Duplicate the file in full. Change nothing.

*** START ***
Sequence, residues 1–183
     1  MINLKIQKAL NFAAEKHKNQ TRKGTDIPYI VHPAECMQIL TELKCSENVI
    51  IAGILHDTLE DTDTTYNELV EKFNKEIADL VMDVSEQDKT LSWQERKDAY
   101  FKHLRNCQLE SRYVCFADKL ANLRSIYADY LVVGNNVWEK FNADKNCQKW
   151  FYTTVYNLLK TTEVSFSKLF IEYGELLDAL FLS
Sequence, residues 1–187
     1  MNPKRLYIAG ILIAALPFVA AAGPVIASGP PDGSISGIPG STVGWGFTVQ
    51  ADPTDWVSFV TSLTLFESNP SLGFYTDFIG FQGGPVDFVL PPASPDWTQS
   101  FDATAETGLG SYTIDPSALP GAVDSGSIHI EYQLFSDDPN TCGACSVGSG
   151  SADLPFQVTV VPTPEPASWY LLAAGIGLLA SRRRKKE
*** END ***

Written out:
Sequence, residues 1–183
     1  MINLKIQKAL NFAAEKHKNQ TRKGTDIPYI VHPAECMQIL TELKCSENVI
    51  IAGILHDTLE DTDTTYNELV EKFNKEIADL VMDVSEQDKT LSWQERKDAY
   101  FKHLRNCQLE SRYVCFADKL ANLRSIYADY LVVGNNVWEK FNADKNCQKW
   151  FYTTVYNLLK TTEVSFSKLF IEYGELLDAL FLS
Sequence, residues 1–187
     1  MNPKRLYIAG ILIAALPFVA AAGPVIASGP PDGSISGIPG STVGWGFTVQ
    51  ADPTDWVSFV TSLTLFESNP SLGFYTDFIG FQGGPVDFVL PPASPDWTQS
   101  FDATAETGLG SYTIDPSALP GAVDSGSIHI EYQLFSDDPN TCGACSVGSG
   151  SADLPFQVTV VPTPEPASWY LLAAGIGLLA SRRRKKE